Install the Synology Toolkit and Sign SPK packages

Since a long time, I was waiting to have enough free time to investigate how to sign my own packages with Synology’s toolkit. It’s now finally done!

Click to Read More

Initial installations

  1. First, install IPKG as explained here.
  2. Next, install the official Synology package “python3
    1. Alternative: install python3 using the command: ipkg install python3
  3. Then, create a symlink into /usr: ln -s /usr/local/bin/python3 /usr/bin/python3
    1. if using python installed with ipkg, create a symlink into /usr: ln -s /opt/bin/python3 /usr/bin/python3
  4. install gpg using the command: ipkg install gpgme
    1. This was needed as gpg was installed on my NAS without gpg-agent (? to be investigated later)…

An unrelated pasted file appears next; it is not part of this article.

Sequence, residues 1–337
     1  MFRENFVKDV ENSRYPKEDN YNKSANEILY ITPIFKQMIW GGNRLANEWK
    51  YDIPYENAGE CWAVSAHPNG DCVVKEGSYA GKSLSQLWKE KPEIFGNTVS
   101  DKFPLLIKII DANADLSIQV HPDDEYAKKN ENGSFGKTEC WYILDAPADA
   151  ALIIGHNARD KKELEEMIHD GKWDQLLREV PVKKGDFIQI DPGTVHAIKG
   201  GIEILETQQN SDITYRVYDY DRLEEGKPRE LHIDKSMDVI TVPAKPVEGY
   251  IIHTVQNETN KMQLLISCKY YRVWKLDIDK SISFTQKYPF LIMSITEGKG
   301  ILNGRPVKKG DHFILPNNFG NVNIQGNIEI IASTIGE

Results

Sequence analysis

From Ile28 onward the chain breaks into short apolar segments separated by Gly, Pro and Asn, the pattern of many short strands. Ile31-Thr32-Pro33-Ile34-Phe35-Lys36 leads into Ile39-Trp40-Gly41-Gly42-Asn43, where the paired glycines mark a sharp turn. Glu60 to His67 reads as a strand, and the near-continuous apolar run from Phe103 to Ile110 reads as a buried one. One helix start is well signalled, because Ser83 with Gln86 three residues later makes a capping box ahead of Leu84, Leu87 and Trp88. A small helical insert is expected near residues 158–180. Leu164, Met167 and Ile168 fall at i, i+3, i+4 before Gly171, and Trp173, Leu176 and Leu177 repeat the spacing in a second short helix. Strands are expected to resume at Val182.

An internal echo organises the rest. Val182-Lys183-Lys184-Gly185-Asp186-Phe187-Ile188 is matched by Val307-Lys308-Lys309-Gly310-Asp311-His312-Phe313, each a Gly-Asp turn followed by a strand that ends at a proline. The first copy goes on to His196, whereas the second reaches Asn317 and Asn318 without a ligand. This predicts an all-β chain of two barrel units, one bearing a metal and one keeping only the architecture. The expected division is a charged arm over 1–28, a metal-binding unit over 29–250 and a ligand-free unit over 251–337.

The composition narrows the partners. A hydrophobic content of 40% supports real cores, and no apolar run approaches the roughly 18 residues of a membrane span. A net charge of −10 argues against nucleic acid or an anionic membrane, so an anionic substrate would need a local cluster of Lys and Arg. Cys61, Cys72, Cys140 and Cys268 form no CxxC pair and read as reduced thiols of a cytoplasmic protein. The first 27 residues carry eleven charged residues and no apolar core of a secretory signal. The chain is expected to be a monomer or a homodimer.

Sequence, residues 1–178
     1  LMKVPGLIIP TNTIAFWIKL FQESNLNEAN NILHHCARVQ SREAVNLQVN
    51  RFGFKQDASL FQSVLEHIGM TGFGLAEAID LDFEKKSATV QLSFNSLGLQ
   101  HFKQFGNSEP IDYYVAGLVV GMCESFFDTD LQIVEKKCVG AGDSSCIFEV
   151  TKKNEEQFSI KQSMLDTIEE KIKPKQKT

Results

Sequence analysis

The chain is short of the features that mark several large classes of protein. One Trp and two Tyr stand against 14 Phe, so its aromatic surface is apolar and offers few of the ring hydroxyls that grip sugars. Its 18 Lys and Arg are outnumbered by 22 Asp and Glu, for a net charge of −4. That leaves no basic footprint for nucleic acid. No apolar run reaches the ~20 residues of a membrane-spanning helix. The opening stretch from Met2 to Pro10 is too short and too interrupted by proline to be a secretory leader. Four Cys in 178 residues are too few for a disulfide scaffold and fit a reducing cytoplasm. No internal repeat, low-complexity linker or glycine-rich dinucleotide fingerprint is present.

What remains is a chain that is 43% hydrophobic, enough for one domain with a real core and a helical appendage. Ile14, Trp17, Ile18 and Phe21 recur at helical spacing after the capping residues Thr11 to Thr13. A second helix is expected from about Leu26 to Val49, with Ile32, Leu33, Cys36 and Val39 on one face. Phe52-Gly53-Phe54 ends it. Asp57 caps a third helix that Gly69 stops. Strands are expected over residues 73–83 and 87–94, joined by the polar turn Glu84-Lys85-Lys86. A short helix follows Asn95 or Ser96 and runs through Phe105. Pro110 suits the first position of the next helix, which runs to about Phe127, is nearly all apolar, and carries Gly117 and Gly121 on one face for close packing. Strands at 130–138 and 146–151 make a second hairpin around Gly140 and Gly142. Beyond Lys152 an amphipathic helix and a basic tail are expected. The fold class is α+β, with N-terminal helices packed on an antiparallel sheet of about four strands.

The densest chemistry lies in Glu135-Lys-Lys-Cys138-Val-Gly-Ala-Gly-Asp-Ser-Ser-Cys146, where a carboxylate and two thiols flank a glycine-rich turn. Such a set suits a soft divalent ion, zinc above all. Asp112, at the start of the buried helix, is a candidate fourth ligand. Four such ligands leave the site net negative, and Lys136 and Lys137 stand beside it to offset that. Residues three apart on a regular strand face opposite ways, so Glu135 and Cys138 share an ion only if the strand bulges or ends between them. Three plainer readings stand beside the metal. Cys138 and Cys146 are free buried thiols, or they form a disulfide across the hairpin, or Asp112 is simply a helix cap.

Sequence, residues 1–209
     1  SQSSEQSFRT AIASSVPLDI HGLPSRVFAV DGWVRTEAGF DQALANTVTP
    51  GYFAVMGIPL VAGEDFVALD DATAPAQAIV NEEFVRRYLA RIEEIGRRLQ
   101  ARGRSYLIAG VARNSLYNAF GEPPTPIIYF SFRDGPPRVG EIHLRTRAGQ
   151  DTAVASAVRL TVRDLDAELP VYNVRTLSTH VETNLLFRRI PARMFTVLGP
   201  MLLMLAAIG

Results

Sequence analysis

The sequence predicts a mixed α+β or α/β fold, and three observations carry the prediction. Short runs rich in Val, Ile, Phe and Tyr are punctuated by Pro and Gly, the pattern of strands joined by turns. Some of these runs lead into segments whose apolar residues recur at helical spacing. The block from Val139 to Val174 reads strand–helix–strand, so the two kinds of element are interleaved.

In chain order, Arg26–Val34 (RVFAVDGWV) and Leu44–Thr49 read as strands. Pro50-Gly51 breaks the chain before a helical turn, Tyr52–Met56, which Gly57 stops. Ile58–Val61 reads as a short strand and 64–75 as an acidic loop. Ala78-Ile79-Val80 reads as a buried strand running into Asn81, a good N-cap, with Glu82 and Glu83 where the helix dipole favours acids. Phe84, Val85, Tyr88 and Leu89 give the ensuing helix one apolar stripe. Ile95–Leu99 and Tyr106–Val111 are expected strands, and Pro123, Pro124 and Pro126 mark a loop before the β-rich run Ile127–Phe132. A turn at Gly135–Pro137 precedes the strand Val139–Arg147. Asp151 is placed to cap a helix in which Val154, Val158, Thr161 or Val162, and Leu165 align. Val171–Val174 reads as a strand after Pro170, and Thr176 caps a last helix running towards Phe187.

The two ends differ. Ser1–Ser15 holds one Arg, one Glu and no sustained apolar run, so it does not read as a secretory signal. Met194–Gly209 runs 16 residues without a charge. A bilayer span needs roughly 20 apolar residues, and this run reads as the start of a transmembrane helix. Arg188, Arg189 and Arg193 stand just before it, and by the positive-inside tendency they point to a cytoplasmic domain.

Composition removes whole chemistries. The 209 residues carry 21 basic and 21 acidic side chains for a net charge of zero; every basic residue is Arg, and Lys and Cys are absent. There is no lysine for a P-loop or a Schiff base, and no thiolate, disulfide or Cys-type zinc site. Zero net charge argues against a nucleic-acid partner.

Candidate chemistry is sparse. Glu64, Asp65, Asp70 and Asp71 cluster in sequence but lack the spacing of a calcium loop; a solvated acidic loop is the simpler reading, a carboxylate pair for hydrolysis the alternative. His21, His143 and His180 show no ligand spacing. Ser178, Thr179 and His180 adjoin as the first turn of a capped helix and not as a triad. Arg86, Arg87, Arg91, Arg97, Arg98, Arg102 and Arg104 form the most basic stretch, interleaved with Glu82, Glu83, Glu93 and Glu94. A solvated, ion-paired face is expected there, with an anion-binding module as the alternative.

5. Now, install GIT as explained here.
  6. Finally run:
    1. cd /volume1/
      1. There was not enough free space in the system partition to install the toolkit!!
    2. mkdir -p toolkit
    3. cd toolkit/
    4. git clone pkgscripts
    5. cd pkgscripts/

If you want to use the toolkit for other purpose than signing

You can check the available platform for your DSM version in the toolkit (e.g. here for 6.1). Run : ./EnvDeploy -v 6.1 --list

It should display a list like this one:

Available platforms: 6281 alpine alpine4k armada370 armada375 armada38x armadaxp avoton braswell broadwell bromolow cedarview comcerto2k dockerx64 evansport grantley hi3535 kvmx64 monaco qoriq x64 rtd1296 denverton apollolake

  • N.B.: The major and minor version (E.g. 6.1 for major=6 and minor =1) of your DSM can be found using: cat /etc.defaults/VERSION